As indoor mapping becomes foundational for many digital experiences, building flexibility into our mapping platform is critical. The need for indoor mapping spans across a variety of industries, each of which has different needs and use cases for their digital map.
While pre-built applications are great for certain platforms and verticals, they don't allow for heightened flexibility in terms of look, feel, and function of a product. Enter a robust mapping SDK that houses all the great components required to build any indoor mapping experience imaginable. In this post, we outline the pursuit of building great indoor mapping SDKs, both for our clients and the developers working with them.
The most important factor we consider is the needs of our users. Developers looking to build an indoor mapping experience with our SDKs come in many forms. Regardless of whether you're creating a shopper-facing website for a mall, or building an asset tracking application within a hospital or warehouse, Mappedin's SDKs have been developed to support these and everything in between. Even across this large spectrum of experiences, there are common indoor mapping elements. These elements are the ones we continually invest in, ensuring they're easy to work with and ahead of the curve in terms of capability.
For Mappedin, that means the basic elements such as rendering a 3D map, setting up the venue and map view options, building A-to-B wayfinding and search, as well as showing venue data. These functions are common among most indoor mapping use cases, so we've made them simple to work with. With a solid and existing mapping foundation, developers are encouraged to build unique features that are custom to their application. These features encompass anything you could imagine as part of indoor mapping, including indoor positioning, proximity marketing, heat mapping, and many more.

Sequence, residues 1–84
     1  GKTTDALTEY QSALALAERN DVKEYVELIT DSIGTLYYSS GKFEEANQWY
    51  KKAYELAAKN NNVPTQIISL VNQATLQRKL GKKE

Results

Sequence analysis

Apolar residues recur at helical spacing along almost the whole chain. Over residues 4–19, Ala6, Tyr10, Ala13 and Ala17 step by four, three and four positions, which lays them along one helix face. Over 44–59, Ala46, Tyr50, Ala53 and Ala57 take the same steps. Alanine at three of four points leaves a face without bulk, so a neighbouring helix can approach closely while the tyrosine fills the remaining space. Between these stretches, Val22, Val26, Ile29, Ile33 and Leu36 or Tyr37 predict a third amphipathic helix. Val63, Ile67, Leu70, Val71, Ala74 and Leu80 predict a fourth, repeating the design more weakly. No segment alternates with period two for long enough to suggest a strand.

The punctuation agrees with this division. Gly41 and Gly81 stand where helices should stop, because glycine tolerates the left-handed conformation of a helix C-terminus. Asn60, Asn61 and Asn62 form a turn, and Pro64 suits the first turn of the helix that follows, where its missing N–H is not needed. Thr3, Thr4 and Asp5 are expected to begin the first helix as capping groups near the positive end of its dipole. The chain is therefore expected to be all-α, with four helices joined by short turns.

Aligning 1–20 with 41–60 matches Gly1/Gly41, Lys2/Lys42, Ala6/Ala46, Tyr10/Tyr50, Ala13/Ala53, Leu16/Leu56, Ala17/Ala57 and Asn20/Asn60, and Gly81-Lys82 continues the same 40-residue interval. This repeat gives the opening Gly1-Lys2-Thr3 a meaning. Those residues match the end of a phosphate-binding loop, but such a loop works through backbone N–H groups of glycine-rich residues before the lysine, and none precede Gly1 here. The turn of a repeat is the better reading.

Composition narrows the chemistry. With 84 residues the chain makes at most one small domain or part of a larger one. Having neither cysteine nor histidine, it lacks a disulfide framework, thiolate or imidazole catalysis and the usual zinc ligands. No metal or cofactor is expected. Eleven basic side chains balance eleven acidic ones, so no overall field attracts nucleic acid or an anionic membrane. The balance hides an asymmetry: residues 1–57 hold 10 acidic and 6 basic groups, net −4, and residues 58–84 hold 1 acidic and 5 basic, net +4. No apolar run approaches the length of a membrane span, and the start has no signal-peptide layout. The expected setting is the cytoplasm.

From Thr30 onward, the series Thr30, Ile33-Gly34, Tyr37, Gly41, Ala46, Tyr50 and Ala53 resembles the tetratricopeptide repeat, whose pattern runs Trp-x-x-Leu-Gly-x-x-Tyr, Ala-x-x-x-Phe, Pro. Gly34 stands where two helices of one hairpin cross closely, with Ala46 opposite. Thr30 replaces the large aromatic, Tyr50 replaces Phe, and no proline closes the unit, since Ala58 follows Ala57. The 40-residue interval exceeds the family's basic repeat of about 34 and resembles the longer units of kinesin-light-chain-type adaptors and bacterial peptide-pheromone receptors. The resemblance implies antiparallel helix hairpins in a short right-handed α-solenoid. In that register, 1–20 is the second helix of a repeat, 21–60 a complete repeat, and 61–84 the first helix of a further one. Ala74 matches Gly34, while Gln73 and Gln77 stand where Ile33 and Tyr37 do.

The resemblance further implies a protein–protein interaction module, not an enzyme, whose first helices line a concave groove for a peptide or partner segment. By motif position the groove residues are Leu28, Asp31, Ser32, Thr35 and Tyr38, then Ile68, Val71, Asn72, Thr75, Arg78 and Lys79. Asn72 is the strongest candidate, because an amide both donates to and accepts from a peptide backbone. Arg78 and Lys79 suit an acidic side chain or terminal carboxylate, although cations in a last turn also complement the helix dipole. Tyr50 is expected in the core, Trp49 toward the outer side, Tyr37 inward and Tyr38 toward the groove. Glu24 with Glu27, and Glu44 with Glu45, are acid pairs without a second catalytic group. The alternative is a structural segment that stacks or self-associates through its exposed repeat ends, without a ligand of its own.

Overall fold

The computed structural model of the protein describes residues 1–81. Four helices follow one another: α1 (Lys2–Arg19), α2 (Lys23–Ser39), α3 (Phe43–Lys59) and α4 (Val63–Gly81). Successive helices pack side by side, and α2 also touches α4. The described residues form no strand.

Being a foundational ingredient to many experiences, it's important for our indoor mapping SDKs to be highly flexible. At Mappedin, we have the benefit of offering pre-built applications for indoor mapping and wayfinding that are built on top of our SDKs. This means that we get to learn first-hand the downfalls of our SDKs, understand the features and capabilities that current and future clients are looking for, and ultimately continue to improve them with a forward-looking roadmap.
Considering the different verticals and projects that Mappedin SDKs are used for, we are constantly evaluating which features are most important and how we can better document our work. While the roadmap for pre-built applications is typically driven by individual verticals, the SDKs roadmap is built with a "one-to-many" approach. To prioritize efficiency, we look for features and components that can be used and repurposed for multiple use cases. For example, a mapping feature such as optimized pathing within a wayfinding application could be tailored to either a picking and packing app for grocery store associates, or a wayfinding app for shoppers. The core of this "optimized pathing" feature is the same, while its application serves two different users and use cases.
This one-to-many approach with our mapping SDKs enables our business to take on unique opportunities and mapping challenges that have never been solved before. With strong documentation, tutorials, getting started guides, and sample applications, we can empower developers to utilize indoor mapping in creative ways. And, while we have a team of developer evangelists who are available to work through challenges with our clients and partners, we want our SDKs to be self-explanatory, enabling developers to watch their vision come to life with as few barriers as possible.
What do you think makes a good SDK? How do you prioritize the needs of different SDK users and use cases? Subscribe to our newsletter to keep the dialogue going.
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